The economic recession of the last decade decimated the U.S. labor market, with millions of Americans losing their jobs. To this day, many occupations remain below their pre-recession employment levels.
The recession did not have the same effect on all occupations. Some types of businesses remained stable, or even flourished during those years. In some occupations in the hardest hit industries, however, total employment fell by more than half. Based on data from the Bureau of Labor Statistics (BLS) on occupational employment changes from 2005 through 2014, 24/7 Wall St. reviewed the 10 fastest shrinking jobs in the country.
The collapse of the U.S. housing market crushed the construction industry. New home starts fell from 24.9 million in 2005 to 6.6 million in 2009. Largely for this reason, some of the biggest occupational declines during the past decade were in the construction industry. Of the 10 fastest shrinking positions, four were construction-related jobs, including carpenters’ assistants, which shrank by more than 60% over the past decade, the most of any job.
It is worth noting that while employment in these occupations has contracted, the situation is not necessarily permanent. As the economy continues to recover, some of these positions are also expected to rebound, especially construction-related occupations. For example, the number of bricklayers and brickmasons, which fell by close to 50% from 2005 through 2014, is expected to grow 35.5% by 2022.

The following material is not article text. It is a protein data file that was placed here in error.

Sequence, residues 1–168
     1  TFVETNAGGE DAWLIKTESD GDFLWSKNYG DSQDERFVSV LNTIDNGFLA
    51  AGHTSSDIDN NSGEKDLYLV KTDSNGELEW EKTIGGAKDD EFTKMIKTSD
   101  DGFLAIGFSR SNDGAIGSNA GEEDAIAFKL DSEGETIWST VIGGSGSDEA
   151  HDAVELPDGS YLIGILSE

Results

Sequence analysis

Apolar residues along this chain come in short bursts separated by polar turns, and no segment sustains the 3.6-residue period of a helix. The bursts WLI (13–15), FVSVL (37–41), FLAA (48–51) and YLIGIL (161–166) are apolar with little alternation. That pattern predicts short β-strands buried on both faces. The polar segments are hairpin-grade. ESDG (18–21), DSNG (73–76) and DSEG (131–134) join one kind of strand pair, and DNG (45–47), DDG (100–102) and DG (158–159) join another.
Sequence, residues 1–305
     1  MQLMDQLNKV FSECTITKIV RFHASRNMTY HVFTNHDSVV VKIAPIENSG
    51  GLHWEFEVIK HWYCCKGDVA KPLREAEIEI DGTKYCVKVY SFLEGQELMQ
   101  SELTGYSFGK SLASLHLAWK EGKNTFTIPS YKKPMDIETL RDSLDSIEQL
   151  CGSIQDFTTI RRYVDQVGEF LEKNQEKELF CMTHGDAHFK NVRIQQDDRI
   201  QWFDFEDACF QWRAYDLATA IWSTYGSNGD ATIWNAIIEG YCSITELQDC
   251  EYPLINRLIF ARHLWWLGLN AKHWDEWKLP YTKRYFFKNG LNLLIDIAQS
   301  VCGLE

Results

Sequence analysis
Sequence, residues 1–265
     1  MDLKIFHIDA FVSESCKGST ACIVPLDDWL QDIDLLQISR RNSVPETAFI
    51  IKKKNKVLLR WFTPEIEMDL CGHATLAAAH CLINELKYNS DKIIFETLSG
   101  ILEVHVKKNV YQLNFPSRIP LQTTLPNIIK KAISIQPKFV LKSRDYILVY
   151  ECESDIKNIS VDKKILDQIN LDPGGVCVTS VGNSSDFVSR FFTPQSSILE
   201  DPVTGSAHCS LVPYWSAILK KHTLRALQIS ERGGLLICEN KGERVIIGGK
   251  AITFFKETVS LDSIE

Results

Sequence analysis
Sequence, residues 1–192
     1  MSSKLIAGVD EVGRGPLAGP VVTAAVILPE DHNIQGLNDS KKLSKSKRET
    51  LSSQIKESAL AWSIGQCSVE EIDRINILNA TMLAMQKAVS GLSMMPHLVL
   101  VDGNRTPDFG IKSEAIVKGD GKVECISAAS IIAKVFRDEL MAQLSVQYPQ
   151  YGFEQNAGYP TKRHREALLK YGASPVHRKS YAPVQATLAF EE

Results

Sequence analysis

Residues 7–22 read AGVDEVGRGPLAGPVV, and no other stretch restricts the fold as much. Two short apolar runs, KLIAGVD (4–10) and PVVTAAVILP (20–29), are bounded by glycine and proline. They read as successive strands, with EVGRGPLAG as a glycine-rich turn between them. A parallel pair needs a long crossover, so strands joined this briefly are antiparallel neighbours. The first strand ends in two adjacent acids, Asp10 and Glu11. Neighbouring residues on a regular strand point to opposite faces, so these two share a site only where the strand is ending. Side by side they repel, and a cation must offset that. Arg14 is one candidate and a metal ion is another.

While the recession may have catalyzed the declines in some of the disappearing occupations — and a recovery would likely mean better years ahead for these positions — other occupations are not on the verge of bouncing back. As technology improves and business and cultural practices change, some jobs — word processors and switchboard operators, for example — are simply on the way to becoming obsolete.
The BLS projects these positions will continue to see dramatic decreases in employment in the coming years. As new software, hardware, and automation have made word processors largely redundant, the typist position declined by close to 50% over the past decade. From 2012 through 2022, employment in this occupation is expected to decline by an additional 25%.
To determine the fastest shrinking jobs, 24/7 Wall St. used Occupational Employment Statistics (OES) data from the Bureau of Labor Statistics (BLS) for 2005 and 2014. Our rank is based on the percent change in employment over that period. We only considered occupations with at least 20,000 employees nationwide as of 2014. Additionally, we did not include catch-all occupations such as Managers, All Other. Where two occupations were virtually identical, we only discussed one. Also from the OES, we looked at annual median salaries and the percentage of people employed in each occupation that are self-employed. From the BLS’ Employment Projections division, we looked at education requirements, job training, and employment projections from 2012 through 2022 for each occupation.
These are America’s fastest shrinking jobs.